COLUMBUS — New data reveals that black people are being disproportionately affected by the coronavirus compared to their white counterparts.
"None of this should be surprising. Anyone who has followed public health knows that health disparities exist,” said State Representative and Ohio Minority Leader Emilia Sykes.
African Americans make up 13% of Ohio’s total population, yet 22% of folks affected by the coronavirus in this state are black.
White people make up a little less than 82% of Ohio’s population and just 49% of white people have been diagnosed.
Ten percent of folks who have the virus didn’t disclose their race, according to the Ohio Department of Health.
"After several weeks of us ringing that alarm and letting everybody understand and sharing that we knew to be true, finally the governor put together a strike force for the minority community,” said Sykes. '
Governor Mike DeWine created a minority strike task force to acknowledge and find solutions to black communities being diagnosed with the virus more than white communities.
Sykes is on that strike force and although they were only formed Monday, she already has some ideas.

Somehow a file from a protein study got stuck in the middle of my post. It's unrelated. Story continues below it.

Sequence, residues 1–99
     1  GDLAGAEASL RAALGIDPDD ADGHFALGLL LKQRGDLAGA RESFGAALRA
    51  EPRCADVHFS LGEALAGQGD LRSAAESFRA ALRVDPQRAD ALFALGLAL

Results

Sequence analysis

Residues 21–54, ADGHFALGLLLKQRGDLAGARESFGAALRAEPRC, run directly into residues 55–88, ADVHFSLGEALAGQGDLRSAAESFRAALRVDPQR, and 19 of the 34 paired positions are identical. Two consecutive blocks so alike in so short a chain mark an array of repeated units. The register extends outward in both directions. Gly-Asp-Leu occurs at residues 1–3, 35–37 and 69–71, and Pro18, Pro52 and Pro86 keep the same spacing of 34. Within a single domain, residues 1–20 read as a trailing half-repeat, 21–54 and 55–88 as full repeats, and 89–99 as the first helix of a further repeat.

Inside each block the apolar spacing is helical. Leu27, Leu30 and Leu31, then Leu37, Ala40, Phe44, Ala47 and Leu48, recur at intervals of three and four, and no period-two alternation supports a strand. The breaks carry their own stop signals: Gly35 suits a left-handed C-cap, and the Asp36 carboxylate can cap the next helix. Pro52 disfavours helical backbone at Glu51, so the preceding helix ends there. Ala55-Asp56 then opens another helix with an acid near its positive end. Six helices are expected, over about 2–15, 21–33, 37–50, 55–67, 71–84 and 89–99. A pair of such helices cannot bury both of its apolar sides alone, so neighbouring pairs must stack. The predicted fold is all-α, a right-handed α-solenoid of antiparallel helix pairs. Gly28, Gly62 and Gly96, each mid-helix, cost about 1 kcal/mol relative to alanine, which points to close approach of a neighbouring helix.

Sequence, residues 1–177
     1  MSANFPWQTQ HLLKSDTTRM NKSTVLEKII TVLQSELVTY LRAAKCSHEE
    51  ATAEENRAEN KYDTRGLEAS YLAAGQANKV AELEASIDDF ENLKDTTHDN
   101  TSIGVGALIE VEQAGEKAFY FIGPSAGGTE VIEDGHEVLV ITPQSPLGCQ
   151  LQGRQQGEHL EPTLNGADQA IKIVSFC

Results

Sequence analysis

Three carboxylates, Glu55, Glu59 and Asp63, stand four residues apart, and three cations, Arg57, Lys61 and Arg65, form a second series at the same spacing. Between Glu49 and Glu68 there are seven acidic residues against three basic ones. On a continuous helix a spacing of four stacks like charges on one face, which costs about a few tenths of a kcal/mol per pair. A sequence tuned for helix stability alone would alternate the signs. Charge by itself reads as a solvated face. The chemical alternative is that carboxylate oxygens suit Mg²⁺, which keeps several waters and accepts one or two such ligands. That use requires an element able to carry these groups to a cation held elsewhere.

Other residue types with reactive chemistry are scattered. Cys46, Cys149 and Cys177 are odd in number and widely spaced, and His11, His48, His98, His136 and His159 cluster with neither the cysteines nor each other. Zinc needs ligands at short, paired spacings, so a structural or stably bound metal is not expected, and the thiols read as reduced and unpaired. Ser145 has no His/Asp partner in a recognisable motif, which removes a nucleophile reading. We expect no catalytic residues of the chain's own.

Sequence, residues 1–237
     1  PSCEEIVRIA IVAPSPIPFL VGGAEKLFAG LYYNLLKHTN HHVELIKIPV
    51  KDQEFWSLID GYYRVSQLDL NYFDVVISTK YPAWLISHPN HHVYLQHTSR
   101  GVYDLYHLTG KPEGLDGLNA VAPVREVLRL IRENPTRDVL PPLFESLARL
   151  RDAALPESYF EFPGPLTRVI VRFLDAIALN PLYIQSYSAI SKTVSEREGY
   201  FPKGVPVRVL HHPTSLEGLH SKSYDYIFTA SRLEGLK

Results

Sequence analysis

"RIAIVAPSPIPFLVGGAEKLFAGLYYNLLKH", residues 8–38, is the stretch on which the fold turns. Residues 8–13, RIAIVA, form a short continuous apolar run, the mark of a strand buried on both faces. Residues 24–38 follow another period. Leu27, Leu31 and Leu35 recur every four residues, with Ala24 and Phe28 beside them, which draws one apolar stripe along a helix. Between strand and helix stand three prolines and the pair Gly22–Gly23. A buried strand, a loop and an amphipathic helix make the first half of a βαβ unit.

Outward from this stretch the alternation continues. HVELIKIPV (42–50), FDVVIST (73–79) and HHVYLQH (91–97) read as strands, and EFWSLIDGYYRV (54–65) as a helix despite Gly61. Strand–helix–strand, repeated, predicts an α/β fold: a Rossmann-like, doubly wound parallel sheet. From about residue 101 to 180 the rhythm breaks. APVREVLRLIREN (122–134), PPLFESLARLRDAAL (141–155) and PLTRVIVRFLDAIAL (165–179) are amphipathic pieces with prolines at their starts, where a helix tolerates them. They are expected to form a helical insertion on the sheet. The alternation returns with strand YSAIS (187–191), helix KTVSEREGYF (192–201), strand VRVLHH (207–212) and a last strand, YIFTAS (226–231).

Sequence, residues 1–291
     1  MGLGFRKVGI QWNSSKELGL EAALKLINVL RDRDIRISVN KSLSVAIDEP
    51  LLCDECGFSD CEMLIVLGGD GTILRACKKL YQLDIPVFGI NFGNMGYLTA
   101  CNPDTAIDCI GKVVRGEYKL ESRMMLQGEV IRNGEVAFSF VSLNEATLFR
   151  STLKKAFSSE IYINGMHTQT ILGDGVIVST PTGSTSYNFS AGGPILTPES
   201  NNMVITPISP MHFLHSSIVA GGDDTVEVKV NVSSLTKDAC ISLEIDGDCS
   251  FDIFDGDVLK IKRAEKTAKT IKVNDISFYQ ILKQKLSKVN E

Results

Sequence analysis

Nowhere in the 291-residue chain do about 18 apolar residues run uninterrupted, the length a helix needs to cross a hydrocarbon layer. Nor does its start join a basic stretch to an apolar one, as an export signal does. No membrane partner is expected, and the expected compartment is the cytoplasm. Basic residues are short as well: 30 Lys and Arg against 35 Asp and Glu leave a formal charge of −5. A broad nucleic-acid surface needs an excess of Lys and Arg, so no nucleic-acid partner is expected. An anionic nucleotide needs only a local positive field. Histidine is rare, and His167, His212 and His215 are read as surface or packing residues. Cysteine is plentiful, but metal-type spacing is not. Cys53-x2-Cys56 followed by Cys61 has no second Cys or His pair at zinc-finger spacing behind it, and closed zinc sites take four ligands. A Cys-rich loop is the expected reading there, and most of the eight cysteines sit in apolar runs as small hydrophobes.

"Testing throughout the state is woefully inadequate for sure, and when we think about resources and when there’s a scarcity of resources often times marginalized communities are not able to get those resources,” said Sykes.
In addition to increased testing in black communities, Sykes wants pointed and specific messaging for them and she’s calling for other 37 members of the strike force who are leaders in the health, business, religious and other sectors to be open to getting real.
"Knowing all the information that we know, that we don’t cover our eyes and say this is uncomfortable, this is a conversation we don’t want to have, instead take this information and use it for good,” said Sykes.
Yvonka Hall, the executive director of the Northeast Ohio Black Health Coalition, is not part of the strike force, but has been fighting against health disparities in black communities for years. Hall he says this pandemic is exposing deep rooted issues.
"African Americans have more of a circumstance that makes it harder to survive this pandemic. Deep rooted poverty, preexisting medical conditions, access to healthcare, less stable employment,” said Hall.
Both of these leaders say this strike force is a good first step, but it will take action to right this wrong.
"When we talked about the elderly population, it was very heartwarming to see everyone say, we’ll we’re going to stay at home because I care about our grandparents and our older family members,” said Sykes. “Now that we’re going to shift it to people of color or the black community, I hope folks can continue to feel that sense of community and that we are in this together,” she said.
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